Scalia the Prophet?

We just came across the following quotation of Justice Antonin Scalia, from a speech he just gave in Hawai’i.  Click on

“U.S. Supreme Court Justice Antonin Scalia delivered a mixed forecast to University of Hawaii law students yesterday.”

“[In pertinent part, Scalia] said he has ‘no doubt’ the court will eventually overturn a 2005 ruling that let the City of New London take Susette Kelo’s property using eminent domain and transfer it to a private corporation because the promised economic development constituted a public use.

“As it turned out, the development never happened and the jobs never came, which Scalia called ‘poetic justice.’ ”

“ ‘Kelo will not survive,’ he said of the court’s 5-4 decision on the case in which he dissented. ‘I think the court was surprised by the reaction nationwide.’ ”

Nice going, Your Honor! Now, if you can only persuade some of your colleagues to embrace that sentiment and act on it, the state of the law, the health of the Constitution, and of the country will be enhanced.

On the other hand, we are mindful that in the wretched San Remo Hotel case, four Justices expressed the view that the equally wretched Williamson County case (that created a class of American legal pariahs who ostensibly for reasons of “ripeness”  are barred from ever having the constitutional violation of their property rights reviewed in federal court, or even under federal law in state court), should be overruled or at least reconsidered. But nothing of the sort happened, showing once again that talk is cheap.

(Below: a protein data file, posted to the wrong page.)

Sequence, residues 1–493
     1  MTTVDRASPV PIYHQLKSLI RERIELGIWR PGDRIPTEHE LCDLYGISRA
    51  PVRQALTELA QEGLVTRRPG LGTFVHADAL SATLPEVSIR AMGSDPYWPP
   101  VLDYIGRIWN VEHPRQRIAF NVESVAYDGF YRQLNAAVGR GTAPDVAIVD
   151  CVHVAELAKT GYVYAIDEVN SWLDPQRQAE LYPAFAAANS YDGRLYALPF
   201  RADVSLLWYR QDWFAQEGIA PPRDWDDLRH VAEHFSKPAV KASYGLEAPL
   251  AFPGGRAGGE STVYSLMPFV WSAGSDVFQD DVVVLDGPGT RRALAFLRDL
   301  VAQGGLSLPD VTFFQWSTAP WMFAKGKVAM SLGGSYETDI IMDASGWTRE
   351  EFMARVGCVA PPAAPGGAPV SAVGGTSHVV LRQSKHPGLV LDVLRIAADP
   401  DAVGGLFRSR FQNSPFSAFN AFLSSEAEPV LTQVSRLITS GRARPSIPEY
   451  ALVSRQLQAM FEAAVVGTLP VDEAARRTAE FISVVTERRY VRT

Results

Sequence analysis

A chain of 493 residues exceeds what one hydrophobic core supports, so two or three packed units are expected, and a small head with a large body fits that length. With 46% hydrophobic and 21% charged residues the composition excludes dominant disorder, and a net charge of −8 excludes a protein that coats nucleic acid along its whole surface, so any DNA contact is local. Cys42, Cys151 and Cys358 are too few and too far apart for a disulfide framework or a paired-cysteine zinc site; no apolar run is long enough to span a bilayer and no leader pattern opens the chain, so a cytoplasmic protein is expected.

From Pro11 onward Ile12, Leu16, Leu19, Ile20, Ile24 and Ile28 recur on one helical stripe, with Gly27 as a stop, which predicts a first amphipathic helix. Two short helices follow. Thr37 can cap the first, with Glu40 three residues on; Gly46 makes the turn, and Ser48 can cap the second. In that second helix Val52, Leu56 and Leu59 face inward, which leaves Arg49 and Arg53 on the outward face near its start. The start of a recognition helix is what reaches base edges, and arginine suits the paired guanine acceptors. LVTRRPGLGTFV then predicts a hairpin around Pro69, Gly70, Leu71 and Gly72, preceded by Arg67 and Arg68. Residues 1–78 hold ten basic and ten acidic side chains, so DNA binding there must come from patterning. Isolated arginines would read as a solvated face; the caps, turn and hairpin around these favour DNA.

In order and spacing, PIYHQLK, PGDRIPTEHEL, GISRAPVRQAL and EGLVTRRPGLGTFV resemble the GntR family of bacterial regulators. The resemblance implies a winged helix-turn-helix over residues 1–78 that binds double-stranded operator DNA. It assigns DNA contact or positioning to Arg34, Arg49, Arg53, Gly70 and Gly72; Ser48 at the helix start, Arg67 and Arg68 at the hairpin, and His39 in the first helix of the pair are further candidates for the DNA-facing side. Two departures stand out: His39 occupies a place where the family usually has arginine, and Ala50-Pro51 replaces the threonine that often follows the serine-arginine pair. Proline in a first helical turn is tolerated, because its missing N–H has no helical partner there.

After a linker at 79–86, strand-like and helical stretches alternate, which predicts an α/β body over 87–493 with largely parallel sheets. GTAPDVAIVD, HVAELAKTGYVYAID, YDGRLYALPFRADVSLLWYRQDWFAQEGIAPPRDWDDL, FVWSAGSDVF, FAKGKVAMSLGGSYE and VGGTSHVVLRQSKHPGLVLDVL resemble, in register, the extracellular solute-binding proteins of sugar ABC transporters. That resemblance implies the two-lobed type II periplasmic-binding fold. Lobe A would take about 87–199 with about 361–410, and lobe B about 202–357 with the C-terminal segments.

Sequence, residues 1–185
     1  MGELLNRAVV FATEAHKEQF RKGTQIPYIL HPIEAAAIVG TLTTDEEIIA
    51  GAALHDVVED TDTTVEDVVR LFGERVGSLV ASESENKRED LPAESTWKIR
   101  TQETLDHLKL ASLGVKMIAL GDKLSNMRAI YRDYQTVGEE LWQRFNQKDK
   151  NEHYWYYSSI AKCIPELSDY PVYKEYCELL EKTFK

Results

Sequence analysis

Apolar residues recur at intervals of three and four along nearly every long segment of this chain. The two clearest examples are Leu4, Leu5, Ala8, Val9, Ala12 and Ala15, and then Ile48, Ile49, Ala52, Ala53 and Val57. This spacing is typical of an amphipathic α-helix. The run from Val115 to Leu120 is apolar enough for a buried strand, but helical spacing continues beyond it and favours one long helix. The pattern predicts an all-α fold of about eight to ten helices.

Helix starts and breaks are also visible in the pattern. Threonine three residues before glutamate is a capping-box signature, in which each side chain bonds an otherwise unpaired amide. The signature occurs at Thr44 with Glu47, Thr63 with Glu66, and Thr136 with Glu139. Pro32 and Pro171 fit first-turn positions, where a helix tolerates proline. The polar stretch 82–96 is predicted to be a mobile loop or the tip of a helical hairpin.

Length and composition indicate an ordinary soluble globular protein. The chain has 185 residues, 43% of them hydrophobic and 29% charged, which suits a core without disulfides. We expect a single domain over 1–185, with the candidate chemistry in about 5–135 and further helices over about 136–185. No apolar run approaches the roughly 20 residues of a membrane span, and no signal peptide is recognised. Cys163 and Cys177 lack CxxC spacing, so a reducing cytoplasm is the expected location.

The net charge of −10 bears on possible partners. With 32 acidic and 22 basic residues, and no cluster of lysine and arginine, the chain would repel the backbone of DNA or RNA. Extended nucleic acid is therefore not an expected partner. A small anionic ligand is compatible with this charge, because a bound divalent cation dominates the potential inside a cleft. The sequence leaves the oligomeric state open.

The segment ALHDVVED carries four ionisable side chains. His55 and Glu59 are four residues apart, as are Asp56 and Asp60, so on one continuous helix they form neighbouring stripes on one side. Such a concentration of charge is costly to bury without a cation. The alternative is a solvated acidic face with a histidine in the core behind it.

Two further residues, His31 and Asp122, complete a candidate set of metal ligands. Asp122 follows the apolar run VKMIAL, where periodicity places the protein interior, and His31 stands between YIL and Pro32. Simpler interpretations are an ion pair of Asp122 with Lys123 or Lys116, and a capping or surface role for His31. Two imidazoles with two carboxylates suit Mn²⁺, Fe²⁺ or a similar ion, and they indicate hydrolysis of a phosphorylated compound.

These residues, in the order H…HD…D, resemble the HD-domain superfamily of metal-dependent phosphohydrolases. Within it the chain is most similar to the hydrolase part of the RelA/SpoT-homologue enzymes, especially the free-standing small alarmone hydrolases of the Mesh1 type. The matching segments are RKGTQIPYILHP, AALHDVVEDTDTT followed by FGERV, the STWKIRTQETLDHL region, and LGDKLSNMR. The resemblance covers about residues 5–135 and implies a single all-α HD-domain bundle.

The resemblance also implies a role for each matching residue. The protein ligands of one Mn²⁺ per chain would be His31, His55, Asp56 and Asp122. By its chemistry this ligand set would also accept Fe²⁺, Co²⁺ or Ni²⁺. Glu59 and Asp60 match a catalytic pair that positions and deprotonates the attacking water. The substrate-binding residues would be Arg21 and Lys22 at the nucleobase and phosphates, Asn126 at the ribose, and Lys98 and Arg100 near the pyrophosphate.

On a related subject, about the time when the Hawai’i Housing Authority v. Midkiff case came down, Justice Blackmun who was then visiting Hawai’i, was so concerned about the public’s reaction to the court endorsing a mass condemnation of private titles to land from their owner in order to convey them to other, better politically connected private individuals, that he wrote a letter to Justice Sandra Day O’Connor (the author of the Midkiff opinion), asking her to hold its filing for a few days, so he could get back to the Mainland safely. She agreed. You can see both their letters in Justice Blackmun’s papers at the Library of Congress. Of course, as you may recall if you’re old enough, there was no great public reaction to Midkiff (caused in large part by press misrepresentations conveying, the false idea that the Midkiff case approved mass condemnation of land titles  for the benefit of nonexistent “sharecropper farmers,” whereas the beneficiaries of those mass takings were wealthy Kahala suburbanites and eventually, Japanese land speculators). Thus was the merit of the words of the Good Book demonstrated again, that the wicked flee when no man pursueth.

And oh, yes. Instead bringing about a lowering of Hawai’i’s cost of housing prophesied by the Midkiff legislation and Justice O’Connor’s opinion, housing prices in Hawai’i skyrocketed, doubling within a few years, and making Japanese home buyers and speculators wealthy in the process.* So much for using eminent domain to rectify a “malfunctioning” real estate market.


*     If you don’t believe us, go to Nexis and check out press reports of these events (from around 1986) using the phrase “Genshiro Kawamoto” as your search term. Good luck!